Bitcoin Network’s Transaction Backlog Continues to Plague the Network
The Bitcoin network is still plagued by transaction backlog, with over 390,000 transactions waiting to be processed by miners. It would require approximately 190 more blocks to clear the mempool. As the scaling issues continue to affect the network, a conversation between former Bitcoin developer Gavin Andresen and the network’s creator Satoshi Nakamoto from 2010 has been making rounds recently. Andresen had expressed his concern about the software’s scripting language, which made him “nervous.” He also pointed out that there could be ways to “abuse” the scripts-in-a-transaction scheme.
Nakamoto and Andresen’s Bitcoin Scripting Language Conversation From 2010
On June 17, 2010, Nakamoto discussed Bitcoin’s scripting language with Andresen, a former Bitcoin developer who had expressed a keen interest in the project. Andresen was working on a tool to analyze wallet data to “understand better exactly how Bitcoin works.” During their conversation, Andresen expressed his apprehension about Bitcoin’s scripting language, which made him uneasy.
Andresen conveyed his concern about Bitcoin’s scripting language, stating, “First: it makes me a little nervous that bitcoin has a scripting language in it, even though it is a really simple scripting language (no loops, no pointers, nothing but math and crypto). It makes me nervous because it is more complicated, and complication is the enemy of security.” Additionally, he noted that the language’s intricacy could make creating a second, compatible implementation challenging.
Nakamoto replied to Andresen’s concerns, emphasizing that Bitcoin’s core design was established for the entirety of its lifespan. “The nature of Bitcoin is such that once version 0.1 was released, the core design was set in stone for the rest of its lifetime,” Nakamoto replied in a forum post. “Because of that, I wanted to design it to support every possible transaction type I could think of.”
Nakamoto continued, “The problem was, each thing required special support code and data fields whether it was used or not, and only covered one special case at a time. It would have been an explosion of special cases. The solution was a script, which generalizes the problem so transacting parties can describe their transaction as a predicate that the node network evaluates. The nodes only need to understand the transaction to the extent of evaluating whether the sender’s conditions are met.”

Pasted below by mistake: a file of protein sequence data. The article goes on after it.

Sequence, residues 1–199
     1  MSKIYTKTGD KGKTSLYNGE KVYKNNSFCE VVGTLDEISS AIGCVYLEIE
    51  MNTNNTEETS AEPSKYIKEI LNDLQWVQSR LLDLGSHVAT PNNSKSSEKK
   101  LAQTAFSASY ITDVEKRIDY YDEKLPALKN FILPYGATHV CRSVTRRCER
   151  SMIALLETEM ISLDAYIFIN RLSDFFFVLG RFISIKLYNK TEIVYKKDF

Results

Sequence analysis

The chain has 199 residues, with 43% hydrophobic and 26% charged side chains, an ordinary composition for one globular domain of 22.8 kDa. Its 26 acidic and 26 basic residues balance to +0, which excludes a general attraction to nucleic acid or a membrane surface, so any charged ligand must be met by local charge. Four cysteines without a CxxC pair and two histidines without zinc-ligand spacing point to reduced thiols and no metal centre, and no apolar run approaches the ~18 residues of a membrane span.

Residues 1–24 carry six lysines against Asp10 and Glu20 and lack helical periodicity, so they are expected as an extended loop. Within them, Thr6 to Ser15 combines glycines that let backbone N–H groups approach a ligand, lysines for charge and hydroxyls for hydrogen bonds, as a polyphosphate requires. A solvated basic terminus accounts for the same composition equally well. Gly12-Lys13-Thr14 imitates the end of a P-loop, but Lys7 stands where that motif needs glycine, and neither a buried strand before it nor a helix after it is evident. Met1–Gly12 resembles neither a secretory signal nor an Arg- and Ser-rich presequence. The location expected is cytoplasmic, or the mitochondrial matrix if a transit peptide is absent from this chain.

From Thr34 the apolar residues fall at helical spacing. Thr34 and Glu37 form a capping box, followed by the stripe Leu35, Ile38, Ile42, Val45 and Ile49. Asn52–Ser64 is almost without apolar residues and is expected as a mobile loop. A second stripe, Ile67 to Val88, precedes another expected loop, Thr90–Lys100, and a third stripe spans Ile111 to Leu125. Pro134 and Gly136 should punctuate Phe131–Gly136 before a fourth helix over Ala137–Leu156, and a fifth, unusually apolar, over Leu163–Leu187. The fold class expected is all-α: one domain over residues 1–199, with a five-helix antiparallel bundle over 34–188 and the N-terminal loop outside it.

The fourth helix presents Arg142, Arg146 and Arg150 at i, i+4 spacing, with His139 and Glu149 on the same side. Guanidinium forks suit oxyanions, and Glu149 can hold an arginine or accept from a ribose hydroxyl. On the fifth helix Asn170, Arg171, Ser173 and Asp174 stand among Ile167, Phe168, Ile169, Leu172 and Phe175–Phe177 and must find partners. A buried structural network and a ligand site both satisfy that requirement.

While discussing the topic, Andresen raised a hypothetical scenario in which someone could flood the Bitcoin network with millions of transactions to share a Lady Gaga video with their friends. In response, Nakamoto explained that transaction fees were one of the ways to prevent such an occurrence. The inventor also noted that there were other measures that could be taken if necessary.
Nakamoto also revealed that numerous transaction types were crafted long before his conversation with Andresen. “The design supports a tremendous variety of possible transaction types that I designed years ago,” the anonymous inventor said. “Escrow transactions, bonded contracts, third-party arbitration, multi-party signature, etc. If Bitcoin catches on in a big way, these are things we’ll want to explore in the future, but they all had to be designed at the beginning to make sure they would be possible later.”
As the Bitcoin network continues to experience congestion, some individuals are wary of the potential for different transaction types. Many are wholeheartedly opposed to the trend of BRC20 tokens and ordinal inscriptions. While developers are actively discussing the issue, a solution has yet to be found for the 390,000 transactions currently waiting to be confirmed by miners. However, the conversation between Nakamoto and Andresen provides insight into the inventor’s confidence in Bitcoin’s ability to handle issues such as spamming the network with millions of transactions to share a Lady Gaga video.